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Biden Extends Eviction Moratorium Through Oct. 3

Chris Gaetano
Published Date:
Aug 4, 2021

President Joe Biden, via executive order, extended the Center for Disease Control and Prevention (CDC)'s eviction ban through Oct. 3, but admitted that, given a recent Supreme Court decision, it may not survive a court challenge, Bloomberg reported. 

The order itself applies only to persons in counties experiencing substantial or high rates of transmission, though this is still a substantial chunk of the nation, as previous CDC reports said 67 percent of counties could be categorized as such (Bloomberg's source says it's closer to 80 percent). 

The Supreme Court had previously ruled that the CDC, the agency through which the previous administration enacted an eviction ban, did not have the authority to implement such a measure, but said the order could stay, given that, at the time, the program was scheduled to end in mere weeks anyway. Justice Brett Kavanaugh, in a concurring opinion, stated that a more orderly end to the moratorium would be preferable to an abrupt cancellation imposed by the court. But he added that the CDC should not be able to extend this moratorium without congressional action.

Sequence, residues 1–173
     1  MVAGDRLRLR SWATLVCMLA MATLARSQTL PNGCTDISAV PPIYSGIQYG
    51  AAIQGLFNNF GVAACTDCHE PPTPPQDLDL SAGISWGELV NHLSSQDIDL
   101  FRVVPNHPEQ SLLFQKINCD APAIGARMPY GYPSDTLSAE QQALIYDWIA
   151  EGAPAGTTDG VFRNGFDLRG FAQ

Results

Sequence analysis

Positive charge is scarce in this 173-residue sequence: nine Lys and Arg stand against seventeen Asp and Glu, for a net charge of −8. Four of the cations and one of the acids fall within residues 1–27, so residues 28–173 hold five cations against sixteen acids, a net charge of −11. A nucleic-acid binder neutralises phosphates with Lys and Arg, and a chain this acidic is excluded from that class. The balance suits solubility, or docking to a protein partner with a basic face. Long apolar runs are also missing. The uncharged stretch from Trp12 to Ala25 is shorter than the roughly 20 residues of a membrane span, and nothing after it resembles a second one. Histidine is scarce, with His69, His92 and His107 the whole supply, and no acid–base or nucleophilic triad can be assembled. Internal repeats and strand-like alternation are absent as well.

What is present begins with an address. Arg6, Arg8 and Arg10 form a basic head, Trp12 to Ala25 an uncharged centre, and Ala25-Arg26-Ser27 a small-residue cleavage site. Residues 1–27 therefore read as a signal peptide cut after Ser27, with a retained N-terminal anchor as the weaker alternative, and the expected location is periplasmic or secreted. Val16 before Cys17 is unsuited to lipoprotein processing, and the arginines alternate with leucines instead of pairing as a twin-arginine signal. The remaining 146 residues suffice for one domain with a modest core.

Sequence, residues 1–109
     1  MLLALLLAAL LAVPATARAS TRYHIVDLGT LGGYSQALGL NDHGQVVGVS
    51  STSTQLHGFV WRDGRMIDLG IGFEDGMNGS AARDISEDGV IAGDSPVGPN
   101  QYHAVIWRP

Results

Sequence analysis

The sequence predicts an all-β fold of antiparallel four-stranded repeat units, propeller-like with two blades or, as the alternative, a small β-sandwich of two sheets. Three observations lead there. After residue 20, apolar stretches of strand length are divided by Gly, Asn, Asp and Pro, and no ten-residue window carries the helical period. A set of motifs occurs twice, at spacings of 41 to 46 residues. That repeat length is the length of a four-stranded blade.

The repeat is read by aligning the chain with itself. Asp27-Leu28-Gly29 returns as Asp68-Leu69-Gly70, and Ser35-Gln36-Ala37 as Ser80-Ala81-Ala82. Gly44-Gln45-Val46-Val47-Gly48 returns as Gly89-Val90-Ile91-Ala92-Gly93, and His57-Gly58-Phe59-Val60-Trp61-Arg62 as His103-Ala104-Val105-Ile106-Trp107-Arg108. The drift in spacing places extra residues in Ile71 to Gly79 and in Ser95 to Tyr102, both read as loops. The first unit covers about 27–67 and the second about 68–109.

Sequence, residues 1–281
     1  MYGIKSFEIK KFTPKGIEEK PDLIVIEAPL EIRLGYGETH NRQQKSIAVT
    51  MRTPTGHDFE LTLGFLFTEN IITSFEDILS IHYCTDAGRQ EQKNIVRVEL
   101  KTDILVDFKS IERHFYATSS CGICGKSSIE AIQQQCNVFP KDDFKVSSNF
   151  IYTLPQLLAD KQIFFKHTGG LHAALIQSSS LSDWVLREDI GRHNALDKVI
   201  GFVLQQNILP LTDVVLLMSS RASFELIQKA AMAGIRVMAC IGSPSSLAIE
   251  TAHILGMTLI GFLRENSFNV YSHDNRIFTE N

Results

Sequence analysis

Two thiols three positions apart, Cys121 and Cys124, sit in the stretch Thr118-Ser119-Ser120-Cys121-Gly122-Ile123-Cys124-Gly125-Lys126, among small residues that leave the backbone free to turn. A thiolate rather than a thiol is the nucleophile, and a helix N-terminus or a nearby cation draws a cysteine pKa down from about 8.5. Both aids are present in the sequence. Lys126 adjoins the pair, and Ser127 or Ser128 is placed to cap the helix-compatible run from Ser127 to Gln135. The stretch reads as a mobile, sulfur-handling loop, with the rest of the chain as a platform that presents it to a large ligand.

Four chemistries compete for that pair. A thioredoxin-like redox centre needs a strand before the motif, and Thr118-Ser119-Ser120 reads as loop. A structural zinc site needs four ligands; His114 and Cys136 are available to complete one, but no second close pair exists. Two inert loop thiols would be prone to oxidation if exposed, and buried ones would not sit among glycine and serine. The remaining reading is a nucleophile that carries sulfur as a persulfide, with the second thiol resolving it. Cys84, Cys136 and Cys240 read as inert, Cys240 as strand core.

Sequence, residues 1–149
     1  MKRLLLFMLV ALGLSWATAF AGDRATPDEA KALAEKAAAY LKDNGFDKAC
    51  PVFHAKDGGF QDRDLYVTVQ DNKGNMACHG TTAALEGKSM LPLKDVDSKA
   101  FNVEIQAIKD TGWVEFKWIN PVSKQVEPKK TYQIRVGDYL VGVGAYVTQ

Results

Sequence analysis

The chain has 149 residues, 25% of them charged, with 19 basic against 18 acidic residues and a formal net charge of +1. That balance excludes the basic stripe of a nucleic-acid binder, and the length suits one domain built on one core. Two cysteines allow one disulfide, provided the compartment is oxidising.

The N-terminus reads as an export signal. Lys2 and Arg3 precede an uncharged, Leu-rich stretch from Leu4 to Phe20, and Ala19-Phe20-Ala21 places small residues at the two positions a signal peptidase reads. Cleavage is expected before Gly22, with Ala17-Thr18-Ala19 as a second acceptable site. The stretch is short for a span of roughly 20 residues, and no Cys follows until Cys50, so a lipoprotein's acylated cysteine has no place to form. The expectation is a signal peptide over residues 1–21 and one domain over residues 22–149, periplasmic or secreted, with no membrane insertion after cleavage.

Given this background, Biden conceded that the new ban is unlikely to survive a court challenge. “The bulk of the constitutional scholarship says it’s not likely to pass constitutional muster, number one,” he said. “But there are several key scholars who say that it may and it’s worth the effort.”

It appears, then, that the order was a way to buy time for states and local governments to distribute federal aid for tenants and landlords that was authorized months ago and held up due to bureaucratic delays; Biden is urging state and local governments to act quickly in distributing the aid now, because of the risk of a legal challenge.

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